Scrap the CPRS
A Call for Green Senators to Vote NO
Kevin Rudd’s Carbon Pollution Reduction Scheme (CPRS), the government’s main mechanism for reducing Australia’s carbon emissions, fails every test.
It is based on pitifully low reduction targets of 5 to 15 per cent, when we need a transition to 100 per cent emissions cuts as fast as possible. It includes free permits and compensation for the same big polluters that created the problem in the first place.
It allows corporations to purchase an unlimited number of “offsets” from other countries—meaning the CPRS could actually allow Australia’s emissions increase. It relies on a carbon trading mechanism that has failed to reduce emissions elsewhere. In Europe, the carbon trading scheme has collapsed twice already as the carbon price plummeted. (Higher targets in Europe made no difference).
The climate movement has loudly rejected the CPRS, voting to make stopping it a key campaign objective at the January Climate Summit in Canberra. Rejecting the CPRS will be part of World Environment Day rallies in June.
The CPRS would lock in a useless scheme until 2015—delaying for five crucial years any serious action to reduce emissions.
The Greens Senators have rightly labelled the scheme as “worse than useless”. But so far the Senators have only promised to block the legislation “in its current form”. There are worrying signs that Greens Senators are focusing on negotiating with the government and may be willing to support the legislation with minor amendments. For instance a recent Australian Greens National Council motion “Calls on the Rudd Government to rethink its plans to allocate compensation on the basis of lobbying power rather than sound economic theory and environmental policy.” This amounts to tinkering with the scheme rather than outright rejection. The climate movement needs the Greens to vote NO.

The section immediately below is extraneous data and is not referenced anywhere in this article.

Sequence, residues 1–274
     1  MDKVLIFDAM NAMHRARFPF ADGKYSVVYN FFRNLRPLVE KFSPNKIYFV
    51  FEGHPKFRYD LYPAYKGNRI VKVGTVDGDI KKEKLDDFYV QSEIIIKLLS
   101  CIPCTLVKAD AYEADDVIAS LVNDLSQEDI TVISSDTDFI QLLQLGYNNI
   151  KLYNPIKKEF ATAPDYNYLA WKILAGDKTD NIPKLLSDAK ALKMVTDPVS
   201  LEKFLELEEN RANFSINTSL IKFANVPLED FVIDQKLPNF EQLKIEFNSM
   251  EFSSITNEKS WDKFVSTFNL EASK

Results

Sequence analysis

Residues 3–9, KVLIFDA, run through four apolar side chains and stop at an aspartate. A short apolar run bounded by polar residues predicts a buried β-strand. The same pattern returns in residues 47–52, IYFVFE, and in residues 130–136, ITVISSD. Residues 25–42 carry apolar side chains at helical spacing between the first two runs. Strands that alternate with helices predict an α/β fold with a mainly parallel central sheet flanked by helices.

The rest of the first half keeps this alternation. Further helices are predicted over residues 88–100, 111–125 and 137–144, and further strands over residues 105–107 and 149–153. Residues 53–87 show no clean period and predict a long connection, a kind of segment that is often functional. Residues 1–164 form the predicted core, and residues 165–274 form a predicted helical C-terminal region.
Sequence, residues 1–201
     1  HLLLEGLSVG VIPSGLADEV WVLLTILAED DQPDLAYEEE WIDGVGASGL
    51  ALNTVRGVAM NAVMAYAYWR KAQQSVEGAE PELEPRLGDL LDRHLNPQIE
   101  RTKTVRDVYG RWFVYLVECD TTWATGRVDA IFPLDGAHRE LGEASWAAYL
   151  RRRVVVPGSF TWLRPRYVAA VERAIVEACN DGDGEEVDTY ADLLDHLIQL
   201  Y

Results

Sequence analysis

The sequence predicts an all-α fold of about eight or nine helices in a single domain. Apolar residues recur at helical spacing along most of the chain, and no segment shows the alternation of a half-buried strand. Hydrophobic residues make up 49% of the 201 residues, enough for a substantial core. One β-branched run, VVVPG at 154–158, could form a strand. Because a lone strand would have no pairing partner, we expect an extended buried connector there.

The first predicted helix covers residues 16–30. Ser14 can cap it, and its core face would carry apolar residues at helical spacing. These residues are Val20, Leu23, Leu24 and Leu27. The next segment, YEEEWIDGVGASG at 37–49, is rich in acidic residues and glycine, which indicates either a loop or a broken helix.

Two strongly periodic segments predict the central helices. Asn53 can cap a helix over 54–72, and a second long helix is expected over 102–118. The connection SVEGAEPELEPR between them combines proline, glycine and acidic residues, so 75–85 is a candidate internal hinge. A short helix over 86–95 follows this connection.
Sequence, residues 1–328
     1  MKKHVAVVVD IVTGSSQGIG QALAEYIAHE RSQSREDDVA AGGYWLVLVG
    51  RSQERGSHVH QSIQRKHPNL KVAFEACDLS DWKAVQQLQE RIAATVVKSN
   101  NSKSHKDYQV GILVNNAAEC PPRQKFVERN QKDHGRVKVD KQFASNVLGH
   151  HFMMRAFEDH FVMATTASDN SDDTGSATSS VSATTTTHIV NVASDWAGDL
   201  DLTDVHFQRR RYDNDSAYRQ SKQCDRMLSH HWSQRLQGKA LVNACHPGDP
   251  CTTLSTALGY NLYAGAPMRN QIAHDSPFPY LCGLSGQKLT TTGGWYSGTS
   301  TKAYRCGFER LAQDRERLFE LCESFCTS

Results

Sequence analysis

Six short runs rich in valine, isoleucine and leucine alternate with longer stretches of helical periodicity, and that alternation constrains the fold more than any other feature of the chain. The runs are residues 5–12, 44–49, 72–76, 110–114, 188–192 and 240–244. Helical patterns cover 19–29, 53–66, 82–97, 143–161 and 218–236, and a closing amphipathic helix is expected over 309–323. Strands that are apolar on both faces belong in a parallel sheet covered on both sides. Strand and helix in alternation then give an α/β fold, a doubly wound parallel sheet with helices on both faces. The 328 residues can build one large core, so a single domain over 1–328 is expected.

Minor concessions will not improve this scheme. Relying on market mechanisms to deliver major emissions reductions will not work. Serious action to bring down carbon emissions requires direct government investment in renewable energy, public transport, and energy efficiency.
The Rudd government has found $42 billion for an economic stimulus package and has just announced that it will invest billions in building a broadband network. Public investment in climate clearly is possible. Even a portion of such government spending would allow the phasing-out of coal-fired power stations to begin immediately.
We need to send the strongest possible message to the Rudd government. If the CPRS legislation is passed, with Green support, it will be a setback to the climate movement. A useless scheme will be locked in and the Rudd government will claim that it has taken a major step to reduce emissions when we know that is not true.
The climate movement needs The Green Senators to vote NO.
We call on The Greens Senators to force the government to get serious on climate change; to vote for the environment, by voting down the CPRS legislation.
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